CONNECTICUT (WTNH) — With about a foot of snow and strong winds expected across the state Monday, preparation is key.
Experts say it’s best that you are stock-up on essentials and have an emergency kit ready to go.
“What you should have in your emergency kit are items that will keep you and your family safe these next few days, should you stay in your house,” Jocelyn Hillard with the American Red Cross said. “Items might include a first aid kit, medication, band-aids, water, food.”
That’s not all you can do.
Once the storm hits, you’re being encouraged to stay home – if possible. With fewer people out and about, it makes it easier for crews to tackle the roads and clean up.
“It’s very important that you do have warm clothes and blankets available in your house and that you’re checking on relatives, neighbors, family friends, anyone you think might need a call as we prepare for this storm,” Hillard added.
If you have to go outside, take precautions.
“Make sure you’re preparing yourself. You’re wearing warm clothes, hats, mittens, and that you aren’t overexerting yourself if you’re shoveling or walking through deep snow.”
Power outage safety
In a statement Sunday afternoon, Eversource said it is ready to respond to any outage needs that come up as a result of the first major winter storm of 2021.
“It’s all-hands-on-desk and we’re waiting to see what Mother Nature delivers,” Eversource spokesperson Mitch Gross told News 8. “We will adapt accordingly, everything from the snow to the wind, moving our trucks around to where they are needed.”
Eversource reminds customers that with heavy snow and high winds expected, outages are possible.
Eversource urges customers to always stay clear of downed wires and to report them immediately to 911. Be sure to report any outage online at www.eversource.com, or by calling (800) 286-2000. Customers who signed up for the company’s two-way texting feature can send a text to report an outage and receive outage updates as they happen.
They encourage patience as power restoration during and following a storm – in addition to COVID safety protocols – takes time.
If you do lose power, there are ways to conserve heat in your home.
The National Weather Service recommends closing blinds and curtains to keep heat from escaping at the windows, close off rooms and put towels at bottom of doors to avoid wasting heat, wear layers, and eat and drink (food provides energy to warm the body).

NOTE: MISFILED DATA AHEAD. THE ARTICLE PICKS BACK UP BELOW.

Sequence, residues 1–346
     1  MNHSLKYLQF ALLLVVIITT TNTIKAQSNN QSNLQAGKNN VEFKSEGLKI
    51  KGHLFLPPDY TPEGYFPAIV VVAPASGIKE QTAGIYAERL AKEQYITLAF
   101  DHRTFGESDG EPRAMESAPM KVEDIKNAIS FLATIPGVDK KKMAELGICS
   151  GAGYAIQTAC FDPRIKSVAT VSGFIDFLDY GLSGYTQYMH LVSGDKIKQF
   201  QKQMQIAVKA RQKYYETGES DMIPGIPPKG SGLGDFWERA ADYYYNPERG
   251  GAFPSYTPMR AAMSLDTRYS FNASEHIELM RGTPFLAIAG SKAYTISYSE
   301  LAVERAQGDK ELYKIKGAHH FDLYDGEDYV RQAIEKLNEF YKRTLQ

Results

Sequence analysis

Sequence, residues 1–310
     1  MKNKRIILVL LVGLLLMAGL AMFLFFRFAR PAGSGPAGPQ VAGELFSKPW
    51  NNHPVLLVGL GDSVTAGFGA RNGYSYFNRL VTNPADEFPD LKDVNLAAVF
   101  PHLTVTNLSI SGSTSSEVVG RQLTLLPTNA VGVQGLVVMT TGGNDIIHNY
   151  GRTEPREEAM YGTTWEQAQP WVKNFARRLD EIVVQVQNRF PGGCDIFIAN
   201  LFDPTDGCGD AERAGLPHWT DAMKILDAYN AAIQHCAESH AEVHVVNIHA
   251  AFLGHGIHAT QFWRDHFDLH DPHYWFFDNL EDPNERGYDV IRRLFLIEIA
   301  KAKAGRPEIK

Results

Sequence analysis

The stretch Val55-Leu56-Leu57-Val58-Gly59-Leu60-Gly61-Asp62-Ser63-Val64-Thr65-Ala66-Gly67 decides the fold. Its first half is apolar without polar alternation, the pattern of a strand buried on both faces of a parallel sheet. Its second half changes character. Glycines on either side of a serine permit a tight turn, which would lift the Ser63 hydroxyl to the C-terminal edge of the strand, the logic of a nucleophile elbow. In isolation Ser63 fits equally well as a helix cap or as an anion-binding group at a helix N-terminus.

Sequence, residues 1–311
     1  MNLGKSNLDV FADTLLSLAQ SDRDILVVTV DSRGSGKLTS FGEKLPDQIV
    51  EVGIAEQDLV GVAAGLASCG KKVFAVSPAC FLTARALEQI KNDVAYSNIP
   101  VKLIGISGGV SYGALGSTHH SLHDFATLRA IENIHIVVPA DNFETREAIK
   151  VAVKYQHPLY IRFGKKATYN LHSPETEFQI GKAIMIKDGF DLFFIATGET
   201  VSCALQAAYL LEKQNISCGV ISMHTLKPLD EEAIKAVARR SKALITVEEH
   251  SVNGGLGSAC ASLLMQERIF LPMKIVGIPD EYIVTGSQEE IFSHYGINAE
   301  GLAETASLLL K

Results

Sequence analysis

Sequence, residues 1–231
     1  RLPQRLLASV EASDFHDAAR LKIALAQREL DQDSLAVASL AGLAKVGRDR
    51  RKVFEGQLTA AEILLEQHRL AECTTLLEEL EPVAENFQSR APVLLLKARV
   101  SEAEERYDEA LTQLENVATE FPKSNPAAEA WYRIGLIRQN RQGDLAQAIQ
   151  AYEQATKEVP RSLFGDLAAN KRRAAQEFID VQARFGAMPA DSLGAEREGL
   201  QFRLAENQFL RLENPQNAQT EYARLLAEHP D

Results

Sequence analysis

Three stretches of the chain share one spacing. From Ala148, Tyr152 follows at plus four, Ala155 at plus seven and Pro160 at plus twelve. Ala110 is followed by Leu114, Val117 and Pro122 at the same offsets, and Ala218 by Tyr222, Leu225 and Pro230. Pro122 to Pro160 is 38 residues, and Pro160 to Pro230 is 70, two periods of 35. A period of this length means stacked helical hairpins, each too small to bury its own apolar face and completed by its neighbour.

Monday, the Connecticut Department of Public Health (DPH) warned residents of “the dangers of carbon monoxide poisoning from malfunctioning furnaces and improper use of fuel-burning equipment.”
“Every winter in Connecticut,” DPH officials note, “hundreds of residents are taken to emergency departments and some are hospitalized due to carbon monoxide poisoning resulting from faulty furnaces, improperly placed portable generators, and indoor use of charcoal grills, especially in the event of a power outage. Carbon monoxide exposure is potentially deadly.”
Carbon monoxide is an invisible, odorless gas that forms when fuels like
gasoline, natural gas, propane, wood, charcoal, and kerosene do not burn
Breathing carbon monoxide can deprive the body of oxygen, and may lead
to illness, unconsciousness, and death.
Symptoms of Carbon Monoxide Poisoning:
- Headache, fatigue, dizziness, confusion, nausea or vomiting, and loss of
- If several members of a household experience these symptoms when they are
home, but feel better when they are away from the home, there may be a
carbon monoxide problem.
What should I do if I have symptoms?
- Get out of the house immediately and seek medical help if you or a family
member or guest has unexplained/sudden onset of symptoms of carbon
- Call 911 from a cell phone or neighbor’s home and the Connecticut Poison
Control Center at 1-800-222-1222.
- As temperatures drop, make sure to bring your pets inside. If it’s cold for you, it’s cold for them!
- Salt on the roads can be harsh on the pads of dogs’ feet, so make sure to protect their feet with booties or wipe their paws with a towel when they come back inside after a walk.
- Cover dogs with coats, especially short-haired dogs.
- In the case of an accidental coolant spill, keep your pets away from the chemicals. If you suspect your pet has ingested antifreeze, call an emergency animal hospital or poison control.
- Some strays might look for warm spots under the hood of your car, so look before you leave.
It is illegal to leave your dog tied up for more than 15 minutes when a weather advisory has been issued. If you see an animal left outside or in distress, contact your local animal control officer or police department.
Clean up safety
The National Weather Service warns that shoveling heavy, wet snow can put a strain on the heart. They recommend staying hydrated and taking frequent breaks.
If the snow is heavy, take small shovel-fulls at a time.
Snow Blower Safety
Doctors say they see a lot of snow blower-related injuries during the first few big storms of the season. A reminder that just because the snowblower is off, does not mean you can stick your hand in to clear out any debris.
“What happens is, you can get really thick snow or ice or rocks stuck within the blades and so when the blades stop, they have built up torque within them. So even if the snowblower is off and unplugged, you put your hand in there to clear out some of that debris, those blades will keep going with that release torque and can do a massive amount of damage to a hand,” Yale Medicine Orthopedic Surgeon Andrea Halim.
She also says wrist, forearm, and elbow fractures are common during storms because of slip and falls. You should wear boots with good tread when you go outside to clear the snow.